I think it’s important to point out that I’m titling this post “The Love for Sport” instead of using the phrase, “of Sport”.
Let’s come back to that idea later.
There is something to be said about the subject of sport because I certainly have my interests and am not relatively shy to admit it.
Futbol (soccer), hockey, and baseball are among the top of the list, but I also appreciate rugby, Australian football, a good tennis match, nearly any sport featured in the Olympics, and the occasional gridiron football game but get more engagement from the Canadian version than the American flavor these days.
But I literally grew up in the hills off in the distance that you see in the background of the baseball field that Kevin Costner’s character built in Field of Dreams, so you can bet I grew up playing baseball.
We stopped by Nat Bailey Stadium the other night to check out some promotional stuff that the Vancouver Canadians are getting ready in anticipation of their upcoming season. Along with their new scoreboard, the smell of fresh paint was everywhere while I had some freedom to take a few shots around the grandstand.
Baseball is summer. Looking forward to sitting in those seats a few times in the coming months.
Henry sent me a link to this story, and I completely forgot about it until reading this. And when you read the entire article, you can make sense of why in terms of the time line of historical events.
Long story short, this is a great story of two kids who faced each other in the Little League World Series in August of 2001. Cerda was the smallest and youngest player for the losing team, and Almonte was the dominant and menacing pitcher for the winning team, only to be found guilty of breaking the most elemental rule of little league baseball. He was 14, two years beyond the allowed age limit of 12.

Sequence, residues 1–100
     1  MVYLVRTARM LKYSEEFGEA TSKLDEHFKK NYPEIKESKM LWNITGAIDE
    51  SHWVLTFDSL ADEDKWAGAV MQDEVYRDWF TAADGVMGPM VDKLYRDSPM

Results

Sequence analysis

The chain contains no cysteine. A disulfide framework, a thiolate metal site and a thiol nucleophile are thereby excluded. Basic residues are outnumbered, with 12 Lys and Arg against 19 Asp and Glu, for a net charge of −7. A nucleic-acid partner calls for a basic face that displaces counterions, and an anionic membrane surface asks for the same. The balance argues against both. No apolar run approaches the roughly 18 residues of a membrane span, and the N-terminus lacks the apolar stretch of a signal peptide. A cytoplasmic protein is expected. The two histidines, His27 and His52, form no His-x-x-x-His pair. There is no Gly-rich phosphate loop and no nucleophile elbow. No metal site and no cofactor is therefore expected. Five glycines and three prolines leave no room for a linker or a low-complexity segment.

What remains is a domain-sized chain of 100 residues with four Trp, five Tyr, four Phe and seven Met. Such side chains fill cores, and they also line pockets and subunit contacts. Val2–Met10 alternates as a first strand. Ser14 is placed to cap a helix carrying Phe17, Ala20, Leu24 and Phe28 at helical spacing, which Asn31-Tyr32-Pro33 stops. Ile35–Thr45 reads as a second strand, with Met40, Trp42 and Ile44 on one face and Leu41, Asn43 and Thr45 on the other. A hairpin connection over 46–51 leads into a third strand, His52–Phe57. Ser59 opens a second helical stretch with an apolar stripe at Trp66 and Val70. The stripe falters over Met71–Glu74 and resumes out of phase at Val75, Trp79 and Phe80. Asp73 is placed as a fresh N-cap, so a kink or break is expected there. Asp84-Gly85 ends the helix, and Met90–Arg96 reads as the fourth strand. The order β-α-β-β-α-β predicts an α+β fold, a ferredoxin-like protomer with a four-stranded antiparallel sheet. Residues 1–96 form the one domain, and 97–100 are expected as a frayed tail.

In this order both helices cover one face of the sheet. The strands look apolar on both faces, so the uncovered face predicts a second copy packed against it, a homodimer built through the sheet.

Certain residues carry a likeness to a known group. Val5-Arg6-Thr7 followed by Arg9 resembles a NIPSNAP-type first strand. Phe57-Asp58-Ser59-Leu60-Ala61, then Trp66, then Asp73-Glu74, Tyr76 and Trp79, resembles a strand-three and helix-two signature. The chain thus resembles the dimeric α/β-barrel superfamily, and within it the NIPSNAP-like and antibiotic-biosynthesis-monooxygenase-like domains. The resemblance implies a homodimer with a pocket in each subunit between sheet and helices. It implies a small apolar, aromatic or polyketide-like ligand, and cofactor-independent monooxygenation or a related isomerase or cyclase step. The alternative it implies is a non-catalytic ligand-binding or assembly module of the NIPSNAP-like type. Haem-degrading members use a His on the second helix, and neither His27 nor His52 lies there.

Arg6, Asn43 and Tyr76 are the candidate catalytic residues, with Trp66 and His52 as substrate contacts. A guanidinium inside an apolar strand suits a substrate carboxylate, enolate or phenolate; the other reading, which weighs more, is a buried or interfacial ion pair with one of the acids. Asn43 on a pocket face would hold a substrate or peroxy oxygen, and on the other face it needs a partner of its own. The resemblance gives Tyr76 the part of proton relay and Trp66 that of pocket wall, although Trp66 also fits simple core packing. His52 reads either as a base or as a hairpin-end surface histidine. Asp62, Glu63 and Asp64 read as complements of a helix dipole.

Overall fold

Like I said, I forgot about this until now, but what a rebound for Cerda, going to my Cubs no less. What a dream.
This is pretty wicked. Found this via Robert Scoble who found it via Jakob Lodwick, and what we have here is an incredible video that was put together by Tom Guilmette who is not only an avid video enthusiast, but his day job is being a camera man in the outfield at Fenway Park, home of the Boston Red Sox.
This short video is a small tour of the camera he uses to do his job, and the camera he used to make this video blog of sorts isn’t anything to sneeze at as well.
I would love to be able to do something like this with my day job, but in all honestly, radio is not as pretty and it sounds. No seriously, it sounds way better than what it technically takes to make radio happen.